Jul 9, 2014 12:27 PM, By Brian McClimans, vice president, global business development, Peerless-AV
Who owns it when something goes wrong?
No matter the industry, accidents happen. Often when they do occur, an endless game of finger pointing ensues. Everyone suffers in a blame game, especially when issues of safety and liability are raised.
These days, multiple contractors are often involved in an installation. On such projects, you should consider several questions including, when your subcontractor installs a wall, what types of studs does he use? Who is responsible for installing the mounts on the wall? Is it the same person who is responsible for putting the TVs on the mounts? If you don’t know the answers to these questions, who does?
When things go wrong, I hear, “Well, I was just responsible for putting the mount on the wall.” And, I ask, “Well, who told you what was going on it?” To which I hear, “Well, I wasn't told that. I was just told to mount it on the wall, so that’s all I did.” This type of conversation persists during each step of the process.
Who Owns the Liability?
When multiple people are involved and something dangerous happens, it may be hard to find a party willing to take responsibility and own this liability. It may be particularly challenging to determine where, in fact, things did go wrong. When multiple people are involved on an installation, at what point does each person take over the responsibility and liability for each stage? What I want the industry to think about is this: Who takes over the liability for that beautiful new digital signage installation hanging over the heads of individuals at large events? This is a concern that integrators should have when specifying their involvement in a project. It certainly should be specified ahead of time because, if and when something goes wrong, every single subcontractor is involved.
Who Hires the Project’s Subcontractors?
These days, for the most part, multiple companies come in to work on a project. The larger the project, the more subcontractors you have involved. For example, digital signage installations at a stadium could involve hundreds of different contractors. Small installs could still involve multiple parties.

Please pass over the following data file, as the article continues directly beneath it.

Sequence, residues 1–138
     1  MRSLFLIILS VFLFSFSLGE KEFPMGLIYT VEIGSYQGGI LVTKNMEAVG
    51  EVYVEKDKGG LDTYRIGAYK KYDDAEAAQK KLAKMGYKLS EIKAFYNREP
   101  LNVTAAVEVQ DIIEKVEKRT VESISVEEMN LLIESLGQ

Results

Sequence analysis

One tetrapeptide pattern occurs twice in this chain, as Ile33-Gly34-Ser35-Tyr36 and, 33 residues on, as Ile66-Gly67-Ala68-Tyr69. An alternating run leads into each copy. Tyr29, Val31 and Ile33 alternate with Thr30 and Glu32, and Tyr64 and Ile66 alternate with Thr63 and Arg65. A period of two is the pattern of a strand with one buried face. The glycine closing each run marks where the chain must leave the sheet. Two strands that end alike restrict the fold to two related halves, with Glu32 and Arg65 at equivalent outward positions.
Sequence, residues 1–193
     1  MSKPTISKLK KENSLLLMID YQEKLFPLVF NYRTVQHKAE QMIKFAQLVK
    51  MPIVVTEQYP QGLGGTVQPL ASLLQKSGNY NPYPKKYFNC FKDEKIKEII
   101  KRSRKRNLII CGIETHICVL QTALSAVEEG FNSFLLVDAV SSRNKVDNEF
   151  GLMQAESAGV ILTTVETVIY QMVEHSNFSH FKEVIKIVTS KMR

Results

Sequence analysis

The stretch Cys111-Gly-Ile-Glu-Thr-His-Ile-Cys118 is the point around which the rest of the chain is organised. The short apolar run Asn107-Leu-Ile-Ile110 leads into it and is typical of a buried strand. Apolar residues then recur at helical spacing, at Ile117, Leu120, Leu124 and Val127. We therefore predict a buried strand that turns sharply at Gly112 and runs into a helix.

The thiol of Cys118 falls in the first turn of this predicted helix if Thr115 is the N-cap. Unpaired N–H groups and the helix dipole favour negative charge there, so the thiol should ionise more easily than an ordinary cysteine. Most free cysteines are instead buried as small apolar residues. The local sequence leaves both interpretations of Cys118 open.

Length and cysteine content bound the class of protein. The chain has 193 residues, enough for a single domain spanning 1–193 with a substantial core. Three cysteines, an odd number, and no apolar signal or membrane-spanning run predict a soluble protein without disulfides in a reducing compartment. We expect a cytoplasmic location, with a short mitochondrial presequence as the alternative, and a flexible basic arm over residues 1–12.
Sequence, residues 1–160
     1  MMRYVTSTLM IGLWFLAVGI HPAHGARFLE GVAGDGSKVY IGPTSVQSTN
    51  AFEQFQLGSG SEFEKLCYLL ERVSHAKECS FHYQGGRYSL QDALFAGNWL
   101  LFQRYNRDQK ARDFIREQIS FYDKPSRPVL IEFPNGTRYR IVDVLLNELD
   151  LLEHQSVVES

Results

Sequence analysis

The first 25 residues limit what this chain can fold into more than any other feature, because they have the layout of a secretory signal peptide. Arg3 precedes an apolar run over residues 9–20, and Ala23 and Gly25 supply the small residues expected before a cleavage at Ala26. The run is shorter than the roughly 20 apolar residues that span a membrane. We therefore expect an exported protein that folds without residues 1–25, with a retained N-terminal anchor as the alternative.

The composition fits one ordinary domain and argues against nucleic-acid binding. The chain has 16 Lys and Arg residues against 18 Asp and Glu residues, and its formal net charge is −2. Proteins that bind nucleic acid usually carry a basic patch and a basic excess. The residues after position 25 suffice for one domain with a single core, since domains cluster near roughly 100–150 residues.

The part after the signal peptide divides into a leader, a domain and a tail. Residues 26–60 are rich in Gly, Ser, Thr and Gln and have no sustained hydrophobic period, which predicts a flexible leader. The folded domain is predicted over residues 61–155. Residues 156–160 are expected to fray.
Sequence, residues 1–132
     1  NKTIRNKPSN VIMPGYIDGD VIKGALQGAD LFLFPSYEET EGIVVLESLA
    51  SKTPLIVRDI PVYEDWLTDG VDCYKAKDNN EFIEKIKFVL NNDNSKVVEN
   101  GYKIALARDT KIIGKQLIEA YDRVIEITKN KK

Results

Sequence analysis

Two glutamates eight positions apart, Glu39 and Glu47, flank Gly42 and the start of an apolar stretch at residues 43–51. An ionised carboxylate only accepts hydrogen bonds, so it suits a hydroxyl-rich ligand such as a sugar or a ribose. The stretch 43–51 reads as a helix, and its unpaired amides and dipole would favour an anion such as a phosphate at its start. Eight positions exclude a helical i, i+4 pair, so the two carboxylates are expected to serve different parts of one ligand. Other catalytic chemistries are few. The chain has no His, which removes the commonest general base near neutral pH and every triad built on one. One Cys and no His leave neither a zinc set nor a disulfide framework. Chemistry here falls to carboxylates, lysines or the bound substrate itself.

Chances are the general contractor isn’t the one hiring everyone. His job could be to build the whole property, but the end customer may come in and subcontract digital signage installs. The customer may think that what they are doing is moving toward getting the project completed in timely manner. While that’s true, this is exactly where a liability concern is created. There’s no guarantee the subcontractors will collaborate.
Without the end customer specifically instructing it to occur, the subcontractors will not be taking direction from the general contractor; it’s not them they are trying to please, but the end customer who is paying the bill and giving direction. Instead, they will focus on their section of the project, not the project in totality.
Someone needs to be appointed as the project manger/general contractor of the entire project to assume the responsibility and liability for the entire process, rather than individuals who come in to simply do their portion. This individual would then make sure each subcontractor he hires assumes their liability and understands their space and role. Without this, walk-throughs will be missed and anything that goes wrong will result in a never-ending blame game.
What Else Could Go Wrong?
A simple lack of communication can result in large added costs. For example, electrical and video pulls are installed based on the architect’s specifications, but when the video contractor comes to install a mount, he finds an air conditioning vent in his way. A few inches create visible wires, meaning the electrician is called back in and the drywall and paint must be redone. The issue of lack of accountably occurs again.
Long story short: Liability and safety issues are reduced when working with a general contractor who will oversee the entire build. Never assume or take risks, especially when it comes to safety. Double-check everything to get it right.
Brian McClimans serves as vice president of global business development at Peerless-AV, where he is responsible for establishing new markets, developing new products, and managing strategic relationships throughout North America, South America, EMEA, and Mexico. With more than 20 years of experience in the audiovisual manufacturing and distribution industry, McClimans has played a key role in the development and implementation of numerous national digital signage projects including videowall, menu-board, and interactive kiosk solutions. He frequently speaks at industry conferences including InfoComm and the Digital Signage Expo. McClimans was nominated to and serves on the Board of Directors for the Digital Signage Federation since 2013. He has also been a member of the Stadium Managers Association and the Society of Information Displays.
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